Carson City schools brace for next great shake

Bordewich Bray Elementary School third graders Alice Williams, left, and Zoey Craig take part in the school’s Great Nevada ShakeOut drill Oct. 21, 2021. (Photo: Jessica Garcia/Nevada Appeal)

Bordewich Bray Elementary School third graders Alice Williams, left, and Zoey Craig take part in the school’s Great Nevada ShakeOut drill Oct. 21, 2021. (Photo: Jessica Garcia/Nevada Appeal)

Bordewich Bray Elementary School students took cover under their desks at the first sound of a bell and direction Thursday as part of the Great Nevada ShakeOut, an annual drill held in the Silver State to teach students and educators about protecting themselves in an earthquake.
In teacher Lyndsay Evans’ third-grade class, students took cover under their desks as an administrator called over the intercom prompting students to be safe and simulating a sudden quake coming on, reminding students to drop to their knees, using arms to protect their heads and necks and using sturdy tables or desks as needed. Students also were reminded to help others.
Carson City School District schools participated in the drill Thursday, and worldwide, approximately 19 million people were expected to conduct similar drills and activities in their own community, according to a press release from CCSD.
Nevada is the third most seismically active state in the United States, Bordewich Bray Principal Cheryl Richetta said after the drill.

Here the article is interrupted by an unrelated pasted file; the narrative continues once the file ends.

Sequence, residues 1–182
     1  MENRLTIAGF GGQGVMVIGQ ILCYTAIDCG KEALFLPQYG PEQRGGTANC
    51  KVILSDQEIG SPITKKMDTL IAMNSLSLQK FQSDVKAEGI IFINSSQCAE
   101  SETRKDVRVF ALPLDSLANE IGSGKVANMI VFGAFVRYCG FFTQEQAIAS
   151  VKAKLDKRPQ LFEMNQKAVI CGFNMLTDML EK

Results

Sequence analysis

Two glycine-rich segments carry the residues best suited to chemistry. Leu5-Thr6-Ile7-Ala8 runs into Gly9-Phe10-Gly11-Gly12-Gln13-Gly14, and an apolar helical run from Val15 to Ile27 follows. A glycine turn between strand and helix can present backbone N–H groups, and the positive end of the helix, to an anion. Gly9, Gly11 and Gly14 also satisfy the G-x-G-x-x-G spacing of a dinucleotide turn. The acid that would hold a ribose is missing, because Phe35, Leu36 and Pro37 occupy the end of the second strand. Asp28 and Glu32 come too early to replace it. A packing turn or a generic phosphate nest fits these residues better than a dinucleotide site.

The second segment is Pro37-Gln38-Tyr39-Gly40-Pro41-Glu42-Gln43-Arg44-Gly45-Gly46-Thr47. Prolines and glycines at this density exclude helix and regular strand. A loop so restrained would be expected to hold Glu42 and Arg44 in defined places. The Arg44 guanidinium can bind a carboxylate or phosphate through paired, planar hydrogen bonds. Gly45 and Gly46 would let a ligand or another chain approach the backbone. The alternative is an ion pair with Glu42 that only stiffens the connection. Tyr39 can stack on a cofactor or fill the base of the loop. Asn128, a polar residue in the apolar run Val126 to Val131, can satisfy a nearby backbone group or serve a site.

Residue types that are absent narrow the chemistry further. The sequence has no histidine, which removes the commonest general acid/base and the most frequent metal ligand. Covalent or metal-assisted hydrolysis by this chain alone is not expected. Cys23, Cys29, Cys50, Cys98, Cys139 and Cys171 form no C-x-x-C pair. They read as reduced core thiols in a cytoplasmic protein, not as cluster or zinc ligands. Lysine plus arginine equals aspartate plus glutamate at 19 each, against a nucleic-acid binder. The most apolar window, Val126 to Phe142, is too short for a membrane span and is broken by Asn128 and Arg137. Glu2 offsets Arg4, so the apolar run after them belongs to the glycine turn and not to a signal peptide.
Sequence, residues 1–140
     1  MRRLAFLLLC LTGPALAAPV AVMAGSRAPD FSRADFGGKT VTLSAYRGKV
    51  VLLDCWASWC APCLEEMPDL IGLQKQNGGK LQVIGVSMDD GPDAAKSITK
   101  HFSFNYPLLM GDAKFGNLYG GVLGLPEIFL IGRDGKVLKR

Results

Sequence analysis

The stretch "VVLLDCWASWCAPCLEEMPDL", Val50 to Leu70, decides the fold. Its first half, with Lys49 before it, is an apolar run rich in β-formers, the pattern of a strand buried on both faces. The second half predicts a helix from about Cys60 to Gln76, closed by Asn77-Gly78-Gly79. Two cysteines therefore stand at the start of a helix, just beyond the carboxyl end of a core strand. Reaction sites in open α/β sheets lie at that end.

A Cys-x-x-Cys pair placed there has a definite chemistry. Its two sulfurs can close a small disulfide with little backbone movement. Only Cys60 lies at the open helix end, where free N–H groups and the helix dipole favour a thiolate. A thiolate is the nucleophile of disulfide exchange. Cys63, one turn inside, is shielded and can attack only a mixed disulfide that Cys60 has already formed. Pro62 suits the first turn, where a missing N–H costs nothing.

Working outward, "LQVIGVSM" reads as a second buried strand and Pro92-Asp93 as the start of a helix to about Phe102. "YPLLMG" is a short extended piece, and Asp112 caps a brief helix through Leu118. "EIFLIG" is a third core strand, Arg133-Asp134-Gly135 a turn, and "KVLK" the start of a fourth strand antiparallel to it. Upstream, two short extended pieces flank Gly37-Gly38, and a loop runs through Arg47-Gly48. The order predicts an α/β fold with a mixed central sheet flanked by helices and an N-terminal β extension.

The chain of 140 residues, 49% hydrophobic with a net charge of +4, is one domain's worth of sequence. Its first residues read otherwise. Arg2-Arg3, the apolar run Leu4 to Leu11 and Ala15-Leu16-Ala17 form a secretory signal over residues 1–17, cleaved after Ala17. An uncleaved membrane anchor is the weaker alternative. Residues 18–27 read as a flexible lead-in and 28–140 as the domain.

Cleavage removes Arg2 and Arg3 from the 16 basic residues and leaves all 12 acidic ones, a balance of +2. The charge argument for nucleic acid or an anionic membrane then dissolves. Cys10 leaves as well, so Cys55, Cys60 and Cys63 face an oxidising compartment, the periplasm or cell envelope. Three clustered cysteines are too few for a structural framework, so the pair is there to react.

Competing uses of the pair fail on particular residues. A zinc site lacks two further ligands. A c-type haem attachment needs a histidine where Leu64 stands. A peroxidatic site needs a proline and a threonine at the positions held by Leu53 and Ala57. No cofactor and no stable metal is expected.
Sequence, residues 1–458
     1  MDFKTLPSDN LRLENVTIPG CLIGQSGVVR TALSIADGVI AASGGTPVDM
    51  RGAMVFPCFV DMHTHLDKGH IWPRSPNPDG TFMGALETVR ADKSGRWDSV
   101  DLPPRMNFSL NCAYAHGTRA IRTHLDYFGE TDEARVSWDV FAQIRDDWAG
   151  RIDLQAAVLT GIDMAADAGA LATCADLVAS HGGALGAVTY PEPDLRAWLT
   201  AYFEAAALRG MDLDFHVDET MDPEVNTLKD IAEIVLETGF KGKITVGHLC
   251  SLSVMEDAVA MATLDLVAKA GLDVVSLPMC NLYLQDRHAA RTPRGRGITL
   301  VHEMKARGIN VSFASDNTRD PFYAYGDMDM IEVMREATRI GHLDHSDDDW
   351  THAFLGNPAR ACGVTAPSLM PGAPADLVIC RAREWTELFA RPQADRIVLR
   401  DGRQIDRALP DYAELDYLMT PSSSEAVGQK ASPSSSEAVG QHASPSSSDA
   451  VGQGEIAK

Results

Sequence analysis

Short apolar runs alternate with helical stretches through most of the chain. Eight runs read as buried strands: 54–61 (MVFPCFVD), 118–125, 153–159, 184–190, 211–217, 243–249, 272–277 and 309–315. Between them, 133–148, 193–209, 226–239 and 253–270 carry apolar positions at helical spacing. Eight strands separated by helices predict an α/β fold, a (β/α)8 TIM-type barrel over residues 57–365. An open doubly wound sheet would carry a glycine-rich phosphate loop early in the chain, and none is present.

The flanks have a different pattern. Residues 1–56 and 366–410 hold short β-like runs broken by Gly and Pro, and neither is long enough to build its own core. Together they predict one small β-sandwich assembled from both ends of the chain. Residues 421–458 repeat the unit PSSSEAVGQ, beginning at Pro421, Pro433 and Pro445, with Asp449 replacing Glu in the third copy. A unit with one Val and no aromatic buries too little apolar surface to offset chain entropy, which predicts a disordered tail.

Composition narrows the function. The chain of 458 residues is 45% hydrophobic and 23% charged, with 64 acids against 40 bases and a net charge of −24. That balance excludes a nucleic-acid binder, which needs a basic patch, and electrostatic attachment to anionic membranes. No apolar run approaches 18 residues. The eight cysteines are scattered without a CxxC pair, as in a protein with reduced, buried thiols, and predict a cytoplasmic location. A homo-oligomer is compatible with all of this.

“I think safety is really important and we want to make sure everybody knows what to do,” Richetta said, adding the school conducts various drills for fire, lockdown and safety.
External companies with different specialties are brought in to help with such training at Bordewich, she said.
“Communities often have warning of natural disasters, such as tornadoes, fire, floods and the like, however, earthquakes can strike suddenly and without warning,” said Ann Cyr, risk manager for the Carson City School District. “It is important that our school community knows the action steps to take to protect themselves from injury.”
Parents also are informed at the beginning of the year and encouraged to help their children at home for earthquakes and other natural disasters, Richetta added.
“We do drills a lot,” she said. “We try to shake it up a little bit, and sometimes we’re letting them know they’re coming, and later on we won’t. It’s one thing if you know what to do when you’re prepared, but we want to make sure they’re also prepared if they don’t know it’s coming.”
For information on the Great Nevada ShakeOut, visit www.shakeout.org/nevada.

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